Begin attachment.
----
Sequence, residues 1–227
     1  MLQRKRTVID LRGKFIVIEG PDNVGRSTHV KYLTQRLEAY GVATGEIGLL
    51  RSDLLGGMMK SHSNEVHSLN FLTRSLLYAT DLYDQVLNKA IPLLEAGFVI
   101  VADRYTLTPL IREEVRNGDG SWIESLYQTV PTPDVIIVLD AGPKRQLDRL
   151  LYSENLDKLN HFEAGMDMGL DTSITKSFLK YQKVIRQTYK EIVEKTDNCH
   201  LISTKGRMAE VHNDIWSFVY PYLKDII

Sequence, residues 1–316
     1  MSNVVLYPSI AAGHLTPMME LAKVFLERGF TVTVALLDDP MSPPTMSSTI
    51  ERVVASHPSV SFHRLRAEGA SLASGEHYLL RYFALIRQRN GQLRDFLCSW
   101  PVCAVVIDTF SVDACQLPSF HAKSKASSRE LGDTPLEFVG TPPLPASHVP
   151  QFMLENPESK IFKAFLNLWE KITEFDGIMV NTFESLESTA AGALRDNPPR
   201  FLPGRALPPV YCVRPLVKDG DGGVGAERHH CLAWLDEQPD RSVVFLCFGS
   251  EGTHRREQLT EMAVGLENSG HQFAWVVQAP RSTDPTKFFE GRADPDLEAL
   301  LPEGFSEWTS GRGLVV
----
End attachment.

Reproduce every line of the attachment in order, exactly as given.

Sequence, residues 1–227
     1  MLQRKRTVID LRGKFIVIEG PDNVGRSTHV KYLTQRLEAY GVATGEIGLL
    51  RSDLLGGMMK SHSNEVHSLN FLTRSLLYAT DLYDQVLNKA IPLLEAGFVI
   101  VADRYTLTPL IREEVRNGDG SWIESLYQTV PTPDVIIVLD AGPKRQLDRL
   151  LYSENLDKLN HFEAGMDMGL DTSITKSFLK YQKVIRQTYK EIVEKTDNCH
   201  LISTKGRMAE VHNDIWSFVY PYLKDII

Sequence, residues 1–316
     1  MSNVVLYPSI AAGHLTPMME LAKVFLERGF TVTVALLDDP MSPPTMSSTI
    51  ERVVASHPSV SFHRLRAEGA SLASGEHYLL RYFALIRQRN GQLRDFLCSW
   101  PVCAVVIDTF SVDACQLPSF HAKSKASSRE LGDTPLEFVG TPPLPASHVP
   151  QFMLENPESK IFKAFLNLWE KITEFDGIMV NTFESLESTA AGALRDNPPR
   201  FLPGRALPPV YCVRPLVKDG DGGVGAERHH CLAWLDEQPD RSVVFLCFGS
   251  EGTHRREQLT EMAVGLENSG HQFAWVVQAP RSTDPTKFFE GRADPDLEAL
   301  LPEGFSEWTS GRGLVV